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    • A recent study has created controversy by finding that the health benefits of reducing meat consumption have been exaggerated.

      As this goes against conventional wisdom, it has been met with a great deal of criticism. From this article, it's hard to evaluate the argument--the study has been labeled fatally flawed, but the flaws are not specified. I have the impression that at least some of the critics are misinterpreting the authors' claim--they aren't saying that meat is good for health, only that the evidence that it is harmful is weak to non-existent. Of course, regardless of the health consequences, there are sound ethical and environmental reasons to avoid meat, which this study did not address.

      Can somebody remind me whether red wine is good for your heart or bad? πŸ˜‰

    • Only expensive red wine is good for you!

      Sounds like the argument over meat is suffering from a case of the "Brexits", where claims and counter-claims are bandied about without stopping to look at any facts - in case they do not support a given view. Truth is based on who shouted the loudest, and last.

      The Daily Mail, a UK newspaper, is often parodied for its tendency to run big articles telling readers that expert opinion is that "XYZ" is good for you, only to run a piece shortly after advising that different experts say "XYZ" will kill you.

      Still waiting for that Woody Allen scene from "Sleeper", where chocolate brownies are declared a health food, to become reality.

    • Richard, I have written here before about my belief that the news media no longer presents news information/ facts, but stories designed to create a strong emotional effect on the viewers - whether and positive or negative emotion really doesn't matter, they both engage the viewer more strongly.

      I found it interesting that they tended to group red meat, and processed meat together healthwise - yet the sodium nitrate used in bacon and sausage is well recognized and regulated by the FDA and not present in "red meat"

      Here is a brief article about preserving fish with various agent, including a paragraph about sodium nitrate, which was used to help prevent bacterial growth, but can/may contribute to the formation of carcinogenic nitrosoamines. It is worth remembering, sodium nitrate also helps prevent the growth of botulism organisms...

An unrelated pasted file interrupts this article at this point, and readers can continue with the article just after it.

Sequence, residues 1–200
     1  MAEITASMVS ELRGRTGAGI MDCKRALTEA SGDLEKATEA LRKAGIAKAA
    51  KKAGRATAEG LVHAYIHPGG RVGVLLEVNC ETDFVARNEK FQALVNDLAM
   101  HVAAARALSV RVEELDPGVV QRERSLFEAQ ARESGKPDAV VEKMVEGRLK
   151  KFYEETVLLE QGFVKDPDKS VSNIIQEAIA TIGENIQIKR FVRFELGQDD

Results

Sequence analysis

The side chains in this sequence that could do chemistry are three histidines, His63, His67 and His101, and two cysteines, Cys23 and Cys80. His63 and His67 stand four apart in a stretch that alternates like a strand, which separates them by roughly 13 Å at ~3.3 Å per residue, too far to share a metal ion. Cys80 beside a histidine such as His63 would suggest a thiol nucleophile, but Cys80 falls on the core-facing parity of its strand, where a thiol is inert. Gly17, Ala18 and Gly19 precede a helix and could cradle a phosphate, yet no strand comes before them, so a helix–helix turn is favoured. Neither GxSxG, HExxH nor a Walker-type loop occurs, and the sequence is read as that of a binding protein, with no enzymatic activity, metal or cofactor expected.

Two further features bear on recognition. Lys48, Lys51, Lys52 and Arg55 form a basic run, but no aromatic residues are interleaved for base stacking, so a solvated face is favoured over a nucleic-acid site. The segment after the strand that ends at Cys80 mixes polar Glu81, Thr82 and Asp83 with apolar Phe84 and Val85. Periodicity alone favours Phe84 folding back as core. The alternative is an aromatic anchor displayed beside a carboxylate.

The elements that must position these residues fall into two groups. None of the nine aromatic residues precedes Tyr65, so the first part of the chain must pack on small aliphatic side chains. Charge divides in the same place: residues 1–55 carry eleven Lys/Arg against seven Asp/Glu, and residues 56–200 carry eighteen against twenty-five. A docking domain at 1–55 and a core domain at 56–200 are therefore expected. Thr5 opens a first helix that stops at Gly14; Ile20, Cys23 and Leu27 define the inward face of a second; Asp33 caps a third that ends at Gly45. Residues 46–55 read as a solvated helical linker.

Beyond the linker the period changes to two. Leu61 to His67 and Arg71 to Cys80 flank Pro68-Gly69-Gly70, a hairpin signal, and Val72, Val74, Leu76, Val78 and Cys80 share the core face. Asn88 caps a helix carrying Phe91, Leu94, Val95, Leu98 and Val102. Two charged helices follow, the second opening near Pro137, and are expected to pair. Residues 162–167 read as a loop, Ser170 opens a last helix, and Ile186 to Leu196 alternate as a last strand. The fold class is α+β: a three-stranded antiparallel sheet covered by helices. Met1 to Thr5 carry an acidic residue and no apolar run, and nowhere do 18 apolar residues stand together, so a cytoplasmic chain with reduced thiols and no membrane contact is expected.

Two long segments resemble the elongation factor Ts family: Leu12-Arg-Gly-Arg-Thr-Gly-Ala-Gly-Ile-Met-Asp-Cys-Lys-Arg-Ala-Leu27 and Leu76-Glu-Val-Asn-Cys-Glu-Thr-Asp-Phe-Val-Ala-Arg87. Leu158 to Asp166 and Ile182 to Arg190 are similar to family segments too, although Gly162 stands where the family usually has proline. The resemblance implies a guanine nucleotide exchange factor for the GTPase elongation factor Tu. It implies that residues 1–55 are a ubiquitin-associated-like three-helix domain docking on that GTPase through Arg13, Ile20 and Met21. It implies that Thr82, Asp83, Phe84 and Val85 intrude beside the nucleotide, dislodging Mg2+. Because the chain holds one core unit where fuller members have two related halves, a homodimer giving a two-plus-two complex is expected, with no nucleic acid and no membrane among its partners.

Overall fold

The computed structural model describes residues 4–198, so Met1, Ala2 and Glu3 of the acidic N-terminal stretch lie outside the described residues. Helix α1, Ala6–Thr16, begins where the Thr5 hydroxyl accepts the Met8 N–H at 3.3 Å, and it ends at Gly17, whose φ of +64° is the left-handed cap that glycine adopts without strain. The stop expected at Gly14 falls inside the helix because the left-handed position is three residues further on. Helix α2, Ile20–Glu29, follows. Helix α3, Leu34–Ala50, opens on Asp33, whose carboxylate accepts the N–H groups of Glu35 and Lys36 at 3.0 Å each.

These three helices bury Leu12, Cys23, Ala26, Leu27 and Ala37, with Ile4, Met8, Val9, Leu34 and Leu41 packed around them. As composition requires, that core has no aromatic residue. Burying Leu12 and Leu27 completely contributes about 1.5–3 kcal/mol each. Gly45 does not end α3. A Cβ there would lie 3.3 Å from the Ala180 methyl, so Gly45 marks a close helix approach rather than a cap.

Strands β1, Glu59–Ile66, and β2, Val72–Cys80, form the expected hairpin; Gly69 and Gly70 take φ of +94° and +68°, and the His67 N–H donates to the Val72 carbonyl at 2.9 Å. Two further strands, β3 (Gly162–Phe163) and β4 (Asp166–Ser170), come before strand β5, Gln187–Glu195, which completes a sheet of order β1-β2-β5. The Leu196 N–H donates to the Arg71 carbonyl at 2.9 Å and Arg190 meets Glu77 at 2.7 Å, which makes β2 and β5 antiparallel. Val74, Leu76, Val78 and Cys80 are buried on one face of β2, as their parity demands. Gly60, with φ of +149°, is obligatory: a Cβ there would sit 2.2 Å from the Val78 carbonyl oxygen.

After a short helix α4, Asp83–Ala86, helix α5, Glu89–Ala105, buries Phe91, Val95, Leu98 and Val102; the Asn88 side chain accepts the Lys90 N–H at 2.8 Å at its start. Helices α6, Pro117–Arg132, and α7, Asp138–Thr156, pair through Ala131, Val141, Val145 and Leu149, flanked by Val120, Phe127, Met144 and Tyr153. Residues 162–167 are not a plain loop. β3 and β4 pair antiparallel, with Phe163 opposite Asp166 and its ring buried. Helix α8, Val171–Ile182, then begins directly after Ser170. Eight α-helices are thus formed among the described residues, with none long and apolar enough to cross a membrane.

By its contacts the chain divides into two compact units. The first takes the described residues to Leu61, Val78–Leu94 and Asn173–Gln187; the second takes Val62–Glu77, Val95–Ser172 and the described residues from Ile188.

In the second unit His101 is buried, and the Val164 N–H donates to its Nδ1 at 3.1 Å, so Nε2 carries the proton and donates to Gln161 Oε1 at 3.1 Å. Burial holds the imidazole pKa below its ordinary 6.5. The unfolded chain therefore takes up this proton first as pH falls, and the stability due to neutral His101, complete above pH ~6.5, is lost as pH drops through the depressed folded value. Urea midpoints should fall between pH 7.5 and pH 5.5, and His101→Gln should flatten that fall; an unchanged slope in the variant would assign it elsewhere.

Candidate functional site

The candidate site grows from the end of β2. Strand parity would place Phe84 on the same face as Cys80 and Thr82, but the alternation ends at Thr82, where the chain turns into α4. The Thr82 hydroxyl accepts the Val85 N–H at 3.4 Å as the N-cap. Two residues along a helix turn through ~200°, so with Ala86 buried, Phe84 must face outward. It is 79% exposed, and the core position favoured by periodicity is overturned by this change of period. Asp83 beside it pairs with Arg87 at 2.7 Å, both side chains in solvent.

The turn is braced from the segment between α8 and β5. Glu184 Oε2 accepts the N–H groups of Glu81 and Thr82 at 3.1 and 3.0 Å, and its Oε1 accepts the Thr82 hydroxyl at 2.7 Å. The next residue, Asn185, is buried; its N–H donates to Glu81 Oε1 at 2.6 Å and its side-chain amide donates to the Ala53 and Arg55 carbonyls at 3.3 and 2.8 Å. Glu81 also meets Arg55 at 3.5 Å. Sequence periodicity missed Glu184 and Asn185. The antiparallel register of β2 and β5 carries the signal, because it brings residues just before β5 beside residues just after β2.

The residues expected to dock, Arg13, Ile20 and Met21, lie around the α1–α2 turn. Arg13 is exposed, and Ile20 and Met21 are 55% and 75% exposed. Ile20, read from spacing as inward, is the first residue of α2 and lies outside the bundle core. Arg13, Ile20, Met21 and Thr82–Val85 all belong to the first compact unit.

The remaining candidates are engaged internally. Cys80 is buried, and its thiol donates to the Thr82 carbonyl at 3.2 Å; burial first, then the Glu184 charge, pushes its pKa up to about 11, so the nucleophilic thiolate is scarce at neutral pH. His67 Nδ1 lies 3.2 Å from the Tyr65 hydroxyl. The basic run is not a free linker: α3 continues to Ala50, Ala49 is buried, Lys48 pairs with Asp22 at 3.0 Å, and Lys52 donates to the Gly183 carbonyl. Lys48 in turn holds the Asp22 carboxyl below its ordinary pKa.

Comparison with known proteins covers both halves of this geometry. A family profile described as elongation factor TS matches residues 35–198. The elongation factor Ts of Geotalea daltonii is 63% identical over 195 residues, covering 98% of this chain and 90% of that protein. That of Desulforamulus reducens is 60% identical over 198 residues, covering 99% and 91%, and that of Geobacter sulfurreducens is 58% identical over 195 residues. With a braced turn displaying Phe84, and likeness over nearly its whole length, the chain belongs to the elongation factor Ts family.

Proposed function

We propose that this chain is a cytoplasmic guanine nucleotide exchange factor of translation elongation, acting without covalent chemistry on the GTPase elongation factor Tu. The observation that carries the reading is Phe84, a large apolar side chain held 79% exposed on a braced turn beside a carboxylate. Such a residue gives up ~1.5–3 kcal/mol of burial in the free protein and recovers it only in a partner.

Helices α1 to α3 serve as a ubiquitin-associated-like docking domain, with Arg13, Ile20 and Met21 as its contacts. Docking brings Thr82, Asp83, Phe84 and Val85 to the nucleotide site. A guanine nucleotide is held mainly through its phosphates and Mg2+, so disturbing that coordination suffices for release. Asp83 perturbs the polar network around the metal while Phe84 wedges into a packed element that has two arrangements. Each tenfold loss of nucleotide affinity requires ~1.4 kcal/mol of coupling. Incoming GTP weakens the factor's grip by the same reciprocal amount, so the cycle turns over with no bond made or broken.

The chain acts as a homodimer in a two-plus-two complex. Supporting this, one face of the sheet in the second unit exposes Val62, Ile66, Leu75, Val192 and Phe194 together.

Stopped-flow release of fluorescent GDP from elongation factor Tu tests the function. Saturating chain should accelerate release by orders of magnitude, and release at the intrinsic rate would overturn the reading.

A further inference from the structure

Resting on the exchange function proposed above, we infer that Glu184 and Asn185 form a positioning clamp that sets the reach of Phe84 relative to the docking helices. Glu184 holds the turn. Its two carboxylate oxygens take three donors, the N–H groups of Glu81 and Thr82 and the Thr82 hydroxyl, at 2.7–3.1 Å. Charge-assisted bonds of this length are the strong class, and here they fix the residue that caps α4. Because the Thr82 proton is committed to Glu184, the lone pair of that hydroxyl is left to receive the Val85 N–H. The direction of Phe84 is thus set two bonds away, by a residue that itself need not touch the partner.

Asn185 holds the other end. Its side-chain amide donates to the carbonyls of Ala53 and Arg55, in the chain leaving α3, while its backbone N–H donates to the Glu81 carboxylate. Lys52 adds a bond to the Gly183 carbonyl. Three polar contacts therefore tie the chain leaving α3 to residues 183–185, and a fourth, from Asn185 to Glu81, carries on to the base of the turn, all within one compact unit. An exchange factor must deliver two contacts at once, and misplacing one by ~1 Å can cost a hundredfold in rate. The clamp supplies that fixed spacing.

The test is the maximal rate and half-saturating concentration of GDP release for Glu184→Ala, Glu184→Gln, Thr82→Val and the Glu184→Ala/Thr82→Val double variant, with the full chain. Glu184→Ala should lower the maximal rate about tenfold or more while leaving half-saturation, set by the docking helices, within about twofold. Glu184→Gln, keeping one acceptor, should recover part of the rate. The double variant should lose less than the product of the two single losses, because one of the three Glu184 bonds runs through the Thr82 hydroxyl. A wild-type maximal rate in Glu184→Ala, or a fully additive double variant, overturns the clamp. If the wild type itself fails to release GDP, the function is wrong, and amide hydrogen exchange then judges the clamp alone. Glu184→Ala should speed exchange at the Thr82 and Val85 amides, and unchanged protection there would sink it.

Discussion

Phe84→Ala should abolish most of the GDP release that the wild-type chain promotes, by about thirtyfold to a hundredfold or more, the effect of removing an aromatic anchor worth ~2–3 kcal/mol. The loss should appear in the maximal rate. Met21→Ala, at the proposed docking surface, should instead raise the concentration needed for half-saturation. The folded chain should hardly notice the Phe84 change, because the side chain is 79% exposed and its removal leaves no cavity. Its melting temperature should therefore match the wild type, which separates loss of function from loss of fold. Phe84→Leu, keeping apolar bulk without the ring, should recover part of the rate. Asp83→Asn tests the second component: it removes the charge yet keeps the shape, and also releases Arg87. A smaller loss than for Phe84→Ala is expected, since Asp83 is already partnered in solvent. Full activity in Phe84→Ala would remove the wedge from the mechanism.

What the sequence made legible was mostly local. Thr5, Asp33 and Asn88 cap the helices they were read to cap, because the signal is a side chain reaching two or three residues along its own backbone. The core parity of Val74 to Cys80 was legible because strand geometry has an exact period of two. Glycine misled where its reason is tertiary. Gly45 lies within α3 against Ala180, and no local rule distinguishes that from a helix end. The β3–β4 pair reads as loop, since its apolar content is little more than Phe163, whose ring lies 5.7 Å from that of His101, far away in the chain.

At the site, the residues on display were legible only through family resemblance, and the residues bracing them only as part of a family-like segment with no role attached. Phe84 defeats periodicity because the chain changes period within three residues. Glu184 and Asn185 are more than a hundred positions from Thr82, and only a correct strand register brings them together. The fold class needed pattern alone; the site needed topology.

• There are a few topics where I follow the actual science papers very closely, and this is one. Here's the thing: there are nutrition scientists who conduct surveys with thousands of people, there are statisticians who caution what you can conclude from those studies, and there are doctor/scientist combos who work in prevention clinics.

      In this case, it's a group of statisticians who fairly legitimately point to the limitations from survey studies. To be really precise, this is exactly what they concluded:

      low-certainty evidence was found that a reduction in processed meat intake of 3 servings per week is associated with a very small decrease in risk for all-cause mortality, cardiovascular mortality, stroke, MI, and type 2 diabetes

      That could be true. If the average survey respondent is eating meat 2-3 times daily and they cut out three servings a week, can it really make a diff? What food replaces that meat? A white bagel with cream cheese? That could make it worse.

      Statisticians and the public look for very big numbers in those surveys, but ironically the data quality goes down as the survey size goes up because less supervision per participant. Participants don't remember what they ate and how much β€” and they actually want to forget the extra indulgences.

      Data from prevention centers is dramatically different. The Cleveland Clinic published the results of 200 heart patients who sought dietary changes under close supervision over surgery. They were all high-risk patients with a history of heart disease. They had to eliminate all animal foods and refined foods like donuts. In 10 years of close monitoring after adopting the program, one of the 200 had a minor stroke, the other 199 showed no signs of heart disease.